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The requirements, and hence degree of difficulty, for undertaking a survey are closely connected to the scientific goals. This topic is rarely discussed, and perhaps it is for this reason that we have been unable to invent labels for the three types of survey described below more imaginative than A, B and C. Notwithstanding the uninspiring terminology, the differences among survey types are important.

4.1 Survey Type A: Find a Quasar

The least demanding surveys might be termed the ``find an object to study'' category. The identification of bright quasars at redshifts z > 1.7 to investigate the properties of the Lyman-alpha forest or other absorption lines arising from intervening systems is a familiar example. One is simply interested in quasars that are bright enough and in an accessible portion of the sky that they may be observed successfully at high spectral resolution and signal-to-noise ratio. It is of little interest how the objects are found, whether the selection is uniform as a function of position on the sky, or even if the selection is efficient in the sense of identifying a large fraction of the such quasars brighter than some specified flux limit. A more demanding type of survey is required if a statistical study of the incidence of absorbers is attempted and the probability of identifying a quasar is not independent of the presence/absence of an absorber.

Another example is the ``proof of existence'' survey for which the identification of one or a few objects achieves the goal. Detection of a quasar with a redshift of z > 6 or of a radio-quiet BL Lac could fall in this category. However, following success in such a search, the scientific goals usually evolve into establishing a quantitative estimate of the surface density of such objects and a survey of the most demanding type (Section 4.3) is required. Even in the event of failure to identify an example of the class sought (the more usual outcome), a quantitative survey is a prerequisite for obtaining any information about the confidence with which one can rule out its existence.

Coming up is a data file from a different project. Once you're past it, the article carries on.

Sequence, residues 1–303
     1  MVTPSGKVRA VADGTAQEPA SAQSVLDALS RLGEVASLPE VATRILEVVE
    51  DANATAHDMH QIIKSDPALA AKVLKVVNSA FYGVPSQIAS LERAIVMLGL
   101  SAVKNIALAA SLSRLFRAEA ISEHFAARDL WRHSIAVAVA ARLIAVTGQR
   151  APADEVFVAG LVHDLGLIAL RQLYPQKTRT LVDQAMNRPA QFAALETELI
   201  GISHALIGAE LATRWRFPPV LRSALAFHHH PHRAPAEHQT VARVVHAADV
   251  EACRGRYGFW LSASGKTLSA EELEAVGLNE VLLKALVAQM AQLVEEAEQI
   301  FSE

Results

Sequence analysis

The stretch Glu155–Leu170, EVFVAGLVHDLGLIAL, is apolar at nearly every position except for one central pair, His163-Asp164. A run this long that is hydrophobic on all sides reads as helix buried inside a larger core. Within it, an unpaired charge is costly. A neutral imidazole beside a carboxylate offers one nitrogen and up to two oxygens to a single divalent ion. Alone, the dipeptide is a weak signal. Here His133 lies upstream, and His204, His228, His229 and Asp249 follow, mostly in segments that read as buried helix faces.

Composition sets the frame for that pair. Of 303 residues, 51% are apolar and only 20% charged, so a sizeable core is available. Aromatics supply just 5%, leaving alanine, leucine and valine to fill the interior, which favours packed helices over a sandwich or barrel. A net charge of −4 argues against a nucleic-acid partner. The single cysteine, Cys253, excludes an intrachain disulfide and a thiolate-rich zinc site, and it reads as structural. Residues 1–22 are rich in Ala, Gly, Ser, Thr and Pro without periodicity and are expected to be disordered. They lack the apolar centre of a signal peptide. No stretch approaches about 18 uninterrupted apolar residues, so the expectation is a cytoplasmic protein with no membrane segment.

4.2 Survey Type B: Find Quasars Consistently

More demanding are surveys which satisfy the requirement of homogeneity, in the sense that the fraction of quasars identified is constant as a function of position on the sky and the procedures used to select the candidates. A well-defined flux limit must usually be established and the method utilized for selection must be equally effective, irrespective of where on the sky the quasar lies. A generalization of this approach is a sample reaching different flux, or selection, limits as a function of position on the sky, but where the area covered to a specified limit is known.

In the optical, implementation of such surveys was difficult prior to when the combination of CCD detectors and automated plate scanning machines became capable of providing reliable flux calibration for relatively faint objects over areas of many square degrees. The subsequent selection from photographic material was also fraught with problems. Photographic plates can exhibit significant changes in sensitivity from plate to plate and several optical selection techniques depend critically on the atmospheric seeing. These impediments have largely been overcome and homogeneous samples have provided significant constraints on the form of quasar clustering (Shanks et al. 1987, Boyle 1991, Andreani and Cristiani 1992). Exploiting the very prominent Lyman-alpha and C IV emission lines visible on low-resolution slitless spectroscopic plates to identify samples at redshifts z ~ 2 is a very efficient method for generating such a sample (e.g., Clowes and Campusano 1991, Osmer and Hewett 1991). An assumption underlying such an approach is that the spatial clustering of quasars is not related to the properties of the emission lines.